Common Sense Solutions to Keeping Teens Off the Streets

Every town is better off when our youth don’t get caught up in the wrong scene. Rich or poor, every neighborhood runs the risk of gang, drug and crime activities among teens because adolescence is such a vulnerable time in every person’s life. That awkward period between childhood and adulthood is very confusing as individuals try to figure out who they are and where they fit in. That’s why it’s so important that, as the adults in the village, we do everything we can to give our teens the best chance for making smarter decisions about how to spend their time and use their talents. This post gives a few common sense ways to pitch in as a parent, guardian or loved one.

1. Limit Screen Time

With social media bullying on the rise and online socializing playing into FOMO (fear of missing out), studies are showing just how harmful social media can be to mental health.

Teens have enough trouble navigating the pressures of school and social life without amplifying it throughout online activities. And it’s not just social media; obsessive video gaming keeps kids indoors and away from real life interactions. Teens are sitting behind screens rather than having real, meaningful conversations and interactions – it’s not healthy in excess.

For this reason, it’s important to be mindful just how much time teens are spending texting on phones, on the Internet and on video games. Limit access, limit time and encourage them to pick up other hobbies early in life, such as:

  • Biking
  • Skateboarding
  • Scooter riding
  • Fishing
  • Walking
  • Arts & crafts

2. Treat Mental Health Issues

Teens today are highly prone to mental health issues and illnesses, not only because the high level of raging hormones, but also a result of society sinking back behind screens and reducing real life interactions. Kids today just don’t interact with people enough, leaving them unskilled at navigating interpersonal relationships and their own emotions.

When you add to that the social pressures to fit in and a desire to have an identity, you create the perfect environment for stress, anxiety and depression. Which, when left untreated, can result in seriously risky behavior and choices for the teen.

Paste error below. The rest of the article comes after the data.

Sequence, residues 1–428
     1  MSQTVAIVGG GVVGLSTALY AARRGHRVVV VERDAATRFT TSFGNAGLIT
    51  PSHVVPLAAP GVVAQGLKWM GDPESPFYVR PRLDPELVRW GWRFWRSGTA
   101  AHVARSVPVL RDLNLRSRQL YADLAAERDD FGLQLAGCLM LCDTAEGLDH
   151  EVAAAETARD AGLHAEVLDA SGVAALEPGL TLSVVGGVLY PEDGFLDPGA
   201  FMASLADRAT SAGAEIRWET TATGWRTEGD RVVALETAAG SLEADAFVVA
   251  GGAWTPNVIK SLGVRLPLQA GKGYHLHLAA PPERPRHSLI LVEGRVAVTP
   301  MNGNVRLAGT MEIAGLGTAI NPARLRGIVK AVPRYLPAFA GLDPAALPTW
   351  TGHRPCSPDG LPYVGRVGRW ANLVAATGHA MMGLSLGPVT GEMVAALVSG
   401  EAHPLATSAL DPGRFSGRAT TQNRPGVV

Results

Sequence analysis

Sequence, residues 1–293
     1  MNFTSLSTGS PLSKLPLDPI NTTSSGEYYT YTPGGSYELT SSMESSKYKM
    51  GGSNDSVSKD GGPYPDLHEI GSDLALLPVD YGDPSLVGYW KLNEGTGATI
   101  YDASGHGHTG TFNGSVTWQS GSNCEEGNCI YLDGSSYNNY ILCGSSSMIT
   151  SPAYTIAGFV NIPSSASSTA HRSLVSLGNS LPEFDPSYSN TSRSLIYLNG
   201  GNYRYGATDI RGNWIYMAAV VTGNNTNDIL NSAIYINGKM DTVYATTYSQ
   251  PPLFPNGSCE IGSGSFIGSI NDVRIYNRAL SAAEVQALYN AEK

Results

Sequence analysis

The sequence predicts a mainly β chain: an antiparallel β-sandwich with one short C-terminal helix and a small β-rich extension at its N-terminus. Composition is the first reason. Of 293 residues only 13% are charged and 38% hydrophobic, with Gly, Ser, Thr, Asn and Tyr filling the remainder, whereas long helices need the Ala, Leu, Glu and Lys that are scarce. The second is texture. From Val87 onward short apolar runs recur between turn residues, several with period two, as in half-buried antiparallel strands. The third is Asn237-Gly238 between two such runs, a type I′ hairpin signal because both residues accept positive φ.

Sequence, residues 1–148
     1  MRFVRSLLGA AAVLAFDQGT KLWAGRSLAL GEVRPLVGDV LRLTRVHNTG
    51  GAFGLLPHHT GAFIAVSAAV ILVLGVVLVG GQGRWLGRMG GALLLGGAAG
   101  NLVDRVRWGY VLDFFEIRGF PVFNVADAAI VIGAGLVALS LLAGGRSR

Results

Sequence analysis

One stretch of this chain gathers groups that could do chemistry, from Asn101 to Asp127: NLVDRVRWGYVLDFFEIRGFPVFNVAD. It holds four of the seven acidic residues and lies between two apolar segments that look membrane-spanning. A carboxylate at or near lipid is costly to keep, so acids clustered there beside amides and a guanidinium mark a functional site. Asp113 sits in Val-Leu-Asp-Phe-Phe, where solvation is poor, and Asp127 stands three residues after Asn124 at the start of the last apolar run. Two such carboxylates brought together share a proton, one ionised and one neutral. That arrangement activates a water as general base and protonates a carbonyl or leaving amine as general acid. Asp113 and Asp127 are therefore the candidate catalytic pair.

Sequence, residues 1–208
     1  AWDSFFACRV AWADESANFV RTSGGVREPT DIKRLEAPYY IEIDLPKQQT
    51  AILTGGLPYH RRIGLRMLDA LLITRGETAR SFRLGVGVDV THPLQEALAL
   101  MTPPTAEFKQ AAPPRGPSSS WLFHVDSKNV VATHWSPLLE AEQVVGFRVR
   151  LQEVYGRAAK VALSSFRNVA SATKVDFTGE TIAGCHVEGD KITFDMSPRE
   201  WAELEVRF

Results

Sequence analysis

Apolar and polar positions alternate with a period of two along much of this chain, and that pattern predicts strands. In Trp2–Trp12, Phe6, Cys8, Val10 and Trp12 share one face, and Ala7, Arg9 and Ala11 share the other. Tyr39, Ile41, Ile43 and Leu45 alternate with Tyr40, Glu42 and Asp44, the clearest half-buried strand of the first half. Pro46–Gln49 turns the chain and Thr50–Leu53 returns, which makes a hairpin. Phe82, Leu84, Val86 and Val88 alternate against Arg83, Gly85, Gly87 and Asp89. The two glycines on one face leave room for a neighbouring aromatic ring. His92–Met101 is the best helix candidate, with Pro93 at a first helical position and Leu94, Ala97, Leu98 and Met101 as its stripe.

If you sense that a teen you love could be experiencing or at risk for mental illness, don’t stay silent. Encourage the parent to get the teen professional assistance through trained and licensed counselors, psychologists and psychiatrists. And if the family isn’t too keen on traditional pharmaceuticals, consider talking to a doctor about natural alternatives.

3. Help Teens Find Other Outlets

Adolescents need other outlets for their energy and emotions that stave off excessive boredom and let them blow off some steam in a healthier way. Having a fun hobby or activity that excites them is going to help prevent troublesome behavior down the road. And if that activity involves other people, it’s even better because they won’t wind up running with the wrong crowd.

Encourage your kids to pick up hobbies and interests early, which could turn into an organized activity in the teen years.

  • Puzzles, sudoku and mystery books could turn into joining a math, chess or debate club
  • Park district classes could turn into trying out for sports clubs and school athletics
  • Arts and crafts could turn into building sets for the drama club or department
  • Reading and writing could result in volunteering for the school newspaper or year book organization
  • Mind-challenging hobbies, such as building models or elaborate lego structures, help kids learn to problem solve.
  • For older teens with a work permit, help them discover hands-on, practical career paths that will keep them busy but interested, such as appliance repair, which definitely takes a technically minded person to figure it out. Even if they don’t choose this for an adult job, this type of skill can help them when they become a homeowner anyway.

There are plenty of ways to gently guide teens in your family or community away from sketchy street activity whether you start early or later; it just takes a little observation, a willingness to help and a lot of compassion.